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White-throated Swifts

This bird is one of the fastest of all birds!

A pair of White-throated Swifts twists and turns, sailing through the air. Dashing headlong across the canyon toward an unyielding wall, the birds disappear at the last second into a slender crevice. This swift is aptly named — and doubly so. The White-throated Swift is among the fastest of all birds. And its lyrical, scientific name suits it perfectly: Aeronautes saxatalis - sailor of the air who dwells in the rocks. You can learn more at PartnersInFlight.org.

Full Transcript

Transcript: 
BirdNote®
White-throated Swifts

Written by Bob Sundstrom
 
This is BirdNote!

[White-throated Swifts chattering in flight]

A torrent of shrill notes ricochets off the sheer stone walls of a Western canyon. [White-throated Swifts chattering in flight]

A pair of White-throated Swifts careens by at high speed, revealing boldly patterned bodies. They twist and turn, sailing through the air on black, scimitar-shaped wings spanning 15 inches. Dashing headlong across the canyon toward an unyielding wall, the birds disappear at the last second into a slender crevice. [White-throated Swifts chattering in flight]

This swift is aptly named — and doubly so. Flying at tremendous speed, the White-throated Swift is indeed swift, among the fastest of all birds. And its lyrical, scientific name suits it perfectly: Aeronautes saxatalis* — sailor of the air who dwells in the rocks. [White-throated Swifts chattering in flight]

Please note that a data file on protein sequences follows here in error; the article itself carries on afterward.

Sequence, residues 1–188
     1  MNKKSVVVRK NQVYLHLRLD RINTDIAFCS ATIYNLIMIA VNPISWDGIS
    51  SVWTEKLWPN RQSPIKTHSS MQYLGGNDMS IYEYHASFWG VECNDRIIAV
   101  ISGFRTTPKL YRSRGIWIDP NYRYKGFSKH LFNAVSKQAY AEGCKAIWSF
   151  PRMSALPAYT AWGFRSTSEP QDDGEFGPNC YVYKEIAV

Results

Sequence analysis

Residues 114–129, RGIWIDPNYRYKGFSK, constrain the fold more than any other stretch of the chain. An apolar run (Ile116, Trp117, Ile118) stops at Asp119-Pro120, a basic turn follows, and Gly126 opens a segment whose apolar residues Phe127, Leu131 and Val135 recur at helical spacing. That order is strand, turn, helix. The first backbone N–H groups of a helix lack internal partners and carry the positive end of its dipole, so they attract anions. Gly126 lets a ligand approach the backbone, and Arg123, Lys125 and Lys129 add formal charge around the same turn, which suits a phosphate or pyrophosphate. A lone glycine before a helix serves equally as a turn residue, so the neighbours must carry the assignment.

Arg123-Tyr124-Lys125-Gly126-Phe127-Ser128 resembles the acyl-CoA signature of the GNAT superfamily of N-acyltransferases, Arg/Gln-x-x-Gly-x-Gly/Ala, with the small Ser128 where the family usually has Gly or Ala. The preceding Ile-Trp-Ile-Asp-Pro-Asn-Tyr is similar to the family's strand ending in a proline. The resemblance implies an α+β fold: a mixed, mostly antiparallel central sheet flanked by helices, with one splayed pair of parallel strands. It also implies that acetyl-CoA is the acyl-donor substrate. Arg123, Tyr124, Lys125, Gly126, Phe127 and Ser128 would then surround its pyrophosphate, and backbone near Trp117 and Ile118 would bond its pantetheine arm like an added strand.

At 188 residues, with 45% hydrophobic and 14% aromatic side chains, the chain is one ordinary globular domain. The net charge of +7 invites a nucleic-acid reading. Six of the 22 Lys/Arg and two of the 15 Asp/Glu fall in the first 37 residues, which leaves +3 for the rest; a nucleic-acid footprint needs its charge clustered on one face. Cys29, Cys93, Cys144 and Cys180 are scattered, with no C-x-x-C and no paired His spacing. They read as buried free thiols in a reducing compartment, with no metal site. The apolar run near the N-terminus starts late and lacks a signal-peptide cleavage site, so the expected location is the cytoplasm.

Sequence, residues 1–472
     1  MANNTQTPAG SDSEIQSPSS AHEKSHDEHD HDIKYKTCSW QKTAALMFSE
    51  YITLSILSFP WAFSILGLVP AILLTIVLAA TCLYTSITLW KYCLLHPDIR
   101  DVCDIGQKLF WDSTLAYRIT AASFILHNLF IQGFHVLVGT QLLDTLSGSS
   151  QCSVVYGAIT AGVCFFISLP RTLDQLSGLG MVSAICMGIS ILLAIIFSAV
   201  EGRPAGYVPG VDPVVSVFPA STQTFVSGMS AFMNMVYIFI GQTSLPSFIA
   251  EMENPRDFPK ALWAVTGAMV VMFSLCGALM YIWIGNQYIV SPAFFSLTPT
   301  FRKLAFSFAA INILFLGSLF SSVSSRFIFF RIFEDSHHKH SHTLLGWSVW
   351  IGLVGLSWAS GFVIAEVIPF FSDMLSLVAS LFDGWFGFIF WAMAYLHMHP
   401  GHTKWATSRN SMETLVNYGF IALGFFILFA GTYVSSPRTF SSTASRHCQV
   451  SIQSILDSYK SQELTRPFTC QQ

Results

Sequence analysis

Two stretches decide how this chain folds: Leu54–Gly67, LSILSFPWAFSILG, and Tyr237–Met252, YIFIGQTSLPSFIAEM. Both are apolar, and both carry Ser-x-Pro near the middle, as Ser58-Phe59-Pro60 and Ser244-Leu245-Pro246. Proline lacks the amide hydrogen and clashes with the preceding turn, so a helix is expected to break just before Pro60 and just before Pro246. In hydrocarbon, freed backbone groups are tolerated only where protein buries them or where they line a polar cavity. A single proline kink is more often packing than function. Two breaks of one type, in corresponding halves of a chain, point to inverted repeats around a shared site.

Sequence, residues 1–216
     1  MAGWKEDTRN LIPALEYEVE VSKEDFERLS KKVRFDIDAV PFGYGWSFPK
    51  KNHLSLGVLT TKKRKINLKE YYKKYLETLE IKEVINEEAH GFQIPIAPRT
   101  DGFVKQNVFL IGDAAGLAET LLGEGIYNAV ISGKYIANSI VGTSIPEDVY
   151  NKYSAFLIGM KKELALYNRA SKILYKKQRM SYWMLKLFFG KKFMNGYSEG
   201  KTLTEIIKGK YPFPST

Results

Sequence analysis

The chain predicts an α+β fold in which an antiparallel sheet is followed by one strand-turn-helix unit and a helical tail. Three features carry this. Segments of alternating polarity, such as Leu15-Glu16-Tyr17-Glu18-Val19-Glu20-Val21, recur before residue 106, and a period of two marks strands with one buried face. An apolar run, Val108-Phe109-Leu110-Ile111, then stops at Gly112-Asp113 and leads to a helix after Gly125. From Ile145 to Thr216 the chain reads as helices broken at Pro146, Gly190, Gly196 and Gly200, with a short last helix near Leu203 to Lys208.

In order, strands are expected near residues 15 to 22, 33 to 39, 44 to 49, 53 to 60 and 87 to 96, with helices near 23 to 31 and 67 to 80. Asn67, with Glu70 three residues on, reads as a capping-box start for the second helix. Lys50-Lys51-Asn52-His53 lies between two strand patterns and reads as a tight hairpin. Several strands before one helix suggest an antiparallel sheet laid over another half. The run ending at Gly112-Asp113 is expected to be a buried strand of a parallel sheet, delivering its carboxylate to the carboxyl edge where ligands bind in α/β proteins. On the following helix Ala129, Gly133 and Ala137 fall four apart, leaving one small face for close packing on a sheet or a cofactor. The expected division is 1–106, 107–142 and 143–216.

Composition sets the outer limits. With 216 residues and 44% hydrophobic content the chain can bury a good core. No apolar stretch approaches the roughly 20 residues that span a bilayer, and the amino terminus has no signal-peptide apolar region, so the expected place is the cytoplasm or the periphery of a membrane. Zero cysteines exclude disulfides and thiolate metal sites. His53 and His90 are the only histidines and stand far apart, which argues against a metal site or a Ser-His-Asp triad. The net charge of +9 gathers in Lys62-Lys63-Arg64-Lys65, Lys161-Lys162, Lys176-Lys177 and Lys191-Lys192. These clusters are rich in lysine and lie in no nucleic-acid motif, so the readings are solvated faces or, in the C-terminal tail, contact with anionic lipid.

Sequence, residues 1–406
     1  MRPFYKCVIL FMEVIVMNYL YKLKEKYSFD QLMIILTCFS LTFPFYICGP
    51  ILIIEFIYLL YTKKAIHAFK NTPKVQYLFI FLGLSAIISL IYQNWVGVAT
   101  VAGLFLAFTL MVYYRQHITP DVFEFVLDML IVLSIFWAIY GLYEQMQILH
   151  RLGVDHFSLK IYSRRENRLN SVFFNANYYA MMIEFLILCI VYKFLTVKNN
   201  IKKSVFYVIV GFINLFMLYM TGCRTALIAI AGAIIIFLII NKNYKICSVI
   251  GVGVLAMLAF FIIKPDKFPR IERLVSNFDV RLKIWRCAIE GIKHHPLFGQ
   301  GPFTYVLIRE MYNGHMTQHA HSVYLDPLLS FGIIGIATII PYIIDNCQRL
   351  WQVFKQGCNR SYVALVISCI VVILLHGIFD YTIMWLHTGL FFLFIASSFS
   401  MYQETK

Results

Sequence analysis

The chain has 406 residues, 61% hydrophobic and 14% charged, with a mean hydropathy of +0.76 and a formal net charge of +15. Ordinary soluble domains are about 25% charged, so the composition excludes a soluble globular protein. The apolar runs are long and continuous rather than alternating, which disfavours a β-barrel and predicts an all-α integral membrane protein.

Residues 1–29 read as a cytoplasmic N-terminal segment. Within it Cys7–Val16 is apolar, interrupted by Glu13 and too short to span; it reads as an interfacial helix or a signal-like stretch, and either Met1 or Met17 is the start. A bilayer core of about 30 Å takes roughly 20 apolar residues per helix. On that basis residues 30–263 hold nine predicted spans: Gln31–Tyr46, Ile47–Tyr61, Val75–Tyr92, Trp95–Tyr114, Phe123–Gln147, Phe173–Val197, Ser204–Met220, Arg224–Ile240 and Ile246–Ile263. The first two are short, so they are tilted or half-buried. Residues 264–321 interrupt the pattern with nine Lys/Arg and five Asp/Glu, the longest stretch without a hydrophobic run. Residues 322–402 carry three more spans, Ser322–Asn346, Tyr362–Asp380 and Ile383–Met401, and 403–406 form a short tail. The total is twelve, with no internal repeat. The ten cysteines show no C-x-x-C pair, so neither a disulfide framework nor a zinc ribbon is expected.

Swifts leave the air only to nest or roost in a cavity. You’ll never see one perched. They do everything else while airborne. Ornithologist Percy Taverner said of them, “When mating, a pair meet…high in the air, cling together as though embracing for a moment …drop down hundreds of feet, then separate and catch themselves on their wings…” [White-throated Swifts chattering in flight]

The White-throated Swift is on the watchlist of many conservation organizations. To learn more, visit our website, BirdNote.org.

Today’s show is brought to you by the Lufkin Family Foundation.

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White-throated Swift sounds provided by The Macaulay Library of Natural Sounds at the Cornell Lab of Ornithology, Ithaca, New York.  26485 and 26485-2 both recorded by R.S. Little.
BirdNote’s theme music was composed and played by Nancy Rumbel and John Kessler.
Producer: John Kessler
Executive Producer: Chris Peterson
© 2015 Tune In to Nature.org      July 2017     Narrator: Mary McCann

ID# SotB-WTSW-01-2011-07-02    was  072606WTSWKPLU         

P.A. Taverner, 1922, unpublished notes cited p. 225 in: Robert A. Cannings, Richard J. Cannings, and Sydney G. Cannings. Birds of the Okanagan Valley, British Columbia. Victoria: Royal British Columbia Museum, 1987.

Related field notes:

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